- Notetaking in any form is not supported in the beta version of Kindle for PC. Amazon indicates that notetaking is coming in future versions, though. However, considering the missteps in #2 above, I’d be shocked if the notetaking field supported ink, much less was pen aware to at least prompt the input panel. Now, Loren Heiny states that it isn’t a surprise that ink isn’t in Kindle for PC due to the fact that so many disparate devices get synced using WhisperSync and wouldn’t be able to display the ink. I don’t think that is an issue, though. Ink is an attribute that can get stored on Amazon’s server’s with the content, and then displayed on devices that can support showing it. When the Mac version comes out, it should be able to display ink notes due to it being in a serialized .gif image – the same with the iPhone. Evernote does it across all of their apps – why can’t Kindle apps?
- I’m going to play devils advocate here. Let’s assume that Microsoft played absolutely no role in helping Amazon with their app to ensure it showcased Windows 7 features like multi-touch and the taskbar menu. If tablet functionality was ever in Amazon’s future plans for Kindle for PC, don’t you think they would have at least made their app pen-aware from the beginning? Did it ever cross Amazon’s mind that ink notes or ink markup in a digital book would be a good idea? Were they at all familiar with Microsoft’s work in the Tablet PC space, enough to see that ink and their Kindle for PC app were a match made in heaven? I’m guessing that Tablet PC never crossed their minds – or else we would have at least seen fields in the app being pen-aware to at least cause the input panel to display.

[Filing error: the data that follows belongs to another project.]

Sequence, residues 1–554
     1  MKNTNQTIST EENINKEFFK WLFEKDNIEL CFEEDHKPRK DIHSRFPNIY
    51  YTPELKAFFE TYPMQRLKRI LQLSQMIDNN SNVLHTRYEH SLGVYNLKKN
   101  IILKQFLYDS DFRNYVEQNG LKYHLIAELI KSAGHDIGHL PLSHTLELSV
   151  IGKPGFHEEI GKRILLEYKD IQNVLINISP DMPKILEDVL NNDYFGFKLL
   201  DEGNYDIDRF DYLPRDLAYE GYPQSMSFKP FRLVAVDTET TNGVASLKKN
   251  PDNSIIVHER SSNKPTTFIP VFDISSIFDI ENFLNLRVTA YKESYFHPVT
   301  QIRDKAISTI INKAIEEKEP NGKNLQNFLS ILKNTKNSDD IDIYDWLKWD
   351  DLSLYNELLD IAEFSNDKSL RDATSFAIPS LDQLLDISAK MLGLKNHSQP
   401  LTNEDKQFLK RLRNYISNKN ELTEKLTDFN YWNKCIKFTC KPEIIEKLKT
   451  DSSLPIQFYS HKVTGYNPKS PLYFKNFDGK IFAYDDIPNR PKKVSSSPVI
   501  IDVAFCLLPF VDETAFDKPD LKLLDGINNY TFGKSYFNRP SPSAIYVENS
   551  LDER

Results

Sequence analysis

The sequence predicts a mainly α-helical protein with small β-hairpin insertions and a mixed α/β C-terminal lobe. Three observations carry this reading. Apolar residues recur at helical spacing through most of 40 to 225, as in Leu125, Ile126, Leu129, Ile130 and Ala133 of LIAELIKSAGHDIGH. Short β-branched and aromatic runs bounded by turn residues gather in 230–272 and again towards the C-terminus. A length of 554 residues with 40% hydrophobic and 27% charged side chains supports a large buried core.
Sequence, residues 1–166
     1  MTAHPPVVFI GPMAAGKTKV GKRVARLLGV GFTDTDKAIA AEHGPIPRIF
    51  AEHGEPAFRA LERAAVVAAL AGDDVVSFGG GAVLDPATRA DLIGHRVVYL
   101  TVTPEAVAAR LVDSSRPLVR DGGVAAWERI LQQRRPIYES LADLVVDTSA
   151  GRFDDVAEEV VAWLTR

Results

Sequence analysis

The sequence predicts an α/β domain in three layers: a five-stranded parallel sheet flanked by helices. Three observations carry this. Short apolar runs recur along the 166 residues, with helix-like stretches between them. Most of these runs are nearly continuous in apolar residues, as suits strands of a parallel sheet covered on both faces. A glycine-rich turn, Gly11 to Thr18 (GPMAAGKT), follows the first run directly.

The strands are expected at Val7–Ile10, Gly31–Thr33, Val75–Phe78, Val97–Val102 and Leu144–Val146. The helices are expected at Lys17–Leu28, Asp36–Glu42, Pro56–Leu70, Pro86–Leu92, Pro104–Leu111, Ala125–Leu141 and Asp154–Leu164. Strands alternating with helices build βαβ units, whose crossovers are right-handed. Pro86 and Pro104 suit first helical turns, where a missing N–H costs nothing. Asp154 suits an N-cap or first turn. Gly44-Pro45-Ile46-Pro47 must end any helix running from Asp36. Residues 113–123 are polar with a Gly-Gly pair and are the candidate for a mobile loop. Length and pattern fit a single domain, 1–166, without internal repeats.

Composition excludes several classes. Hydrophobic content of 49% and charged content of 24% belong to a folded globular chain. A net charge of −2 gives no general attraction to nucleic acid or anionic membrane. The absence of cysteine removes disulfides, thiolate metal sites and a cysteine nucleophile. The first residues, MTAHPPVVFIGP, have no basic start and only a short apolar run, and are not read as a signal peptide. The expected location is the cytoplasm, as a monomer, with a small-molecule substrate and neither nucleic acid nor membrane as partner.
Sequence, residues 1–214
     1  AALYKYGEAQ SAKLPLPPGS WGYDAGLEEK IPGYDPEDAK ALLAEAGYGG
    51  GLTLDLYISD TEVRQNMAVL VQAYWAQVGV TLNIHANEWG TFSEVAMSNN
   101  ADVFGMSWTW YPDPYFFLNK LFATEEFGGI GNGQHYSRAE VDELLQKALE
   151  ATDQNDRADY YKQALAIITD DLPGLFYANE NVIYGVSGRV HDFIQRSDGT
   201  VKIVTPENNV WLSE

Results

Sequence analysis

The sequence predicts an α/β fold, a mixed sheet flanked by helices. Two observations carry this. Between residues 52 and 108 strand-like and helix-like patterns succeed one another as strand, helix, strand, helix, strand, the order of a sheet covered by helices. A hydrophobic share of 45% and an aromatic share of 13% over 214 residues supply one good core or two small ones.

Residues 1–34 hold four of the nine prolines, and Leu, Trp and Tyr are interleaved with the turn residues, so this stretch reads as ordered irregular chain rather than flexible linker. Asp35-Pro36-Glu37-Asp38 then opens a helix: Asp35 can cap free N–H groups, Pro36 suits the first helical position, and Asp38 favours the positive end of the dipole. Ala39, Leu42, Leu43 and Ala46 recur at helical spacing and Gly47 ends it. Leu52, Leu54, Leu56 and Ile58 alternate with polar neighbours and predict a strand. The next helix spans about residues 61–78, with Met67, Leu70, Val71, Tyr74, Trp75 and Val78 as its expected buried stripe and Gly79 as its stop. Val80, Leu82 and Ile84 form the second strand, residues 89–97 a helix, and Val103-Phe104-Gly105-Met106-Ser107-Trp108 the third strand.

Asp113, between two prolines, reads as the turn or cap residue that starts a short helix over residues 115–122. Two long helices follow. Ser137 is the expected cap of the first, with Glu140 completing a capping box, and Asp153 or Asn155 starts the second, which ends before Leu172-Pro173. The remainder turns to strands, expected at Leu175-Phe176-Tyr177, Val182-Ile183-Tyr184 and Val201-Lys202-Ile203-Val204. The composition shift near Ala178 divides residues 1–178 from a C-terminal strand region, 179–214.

- Why Microsoft and not Amazon? It is Microsoft’s responsibility to make sure that companies like Amazon, who are developing products like e-book reader software, know about Microsoft technologies that could help them gain an edge over their competition. Marking up books, and textbooks and inking notes in books that could then be displayed on all their devices would surely be an edge that their competition doesn’t plan on supporting. Sadly, we see in Microsoft’s own technologies (Live products like Messenger, Mail, Calendar, etc) that confirm to us that ink and pen don’t seem to carry much weight at Microsoft anymore. That is likely a major reason why pen support doesn’t show up anywhere in the Kindle for PC app.
- I know Kindle for PC is beta, however, I’ve done enough beta testing for Microsoft and other companies to know that beta simply means: help us find and fix the bugs, but don’t give us any feature requests – we are way beyond that. New features come in versions 1.5, 2, etc. Don’t look for much to change once Kindle for PC comes out of beta.
Those are just a few reasons why I believe Microsoft should be embarrassed due to the lack of pen support in Kindle for PC. Granted, I’m making a lot of assumptions and I’d love to be proven wrong with what Amazon comes out with in their next versions. However, I think I’m right-on target with most of my assumptions. Meanwhile, we should let Amazon know ( email@example.com) that the Tablet PC exists and that Microsoft has the perfect technology to enhance the experience. Amazon definitely wants to hear feedback regarding the app, and I think we should let them know what we think.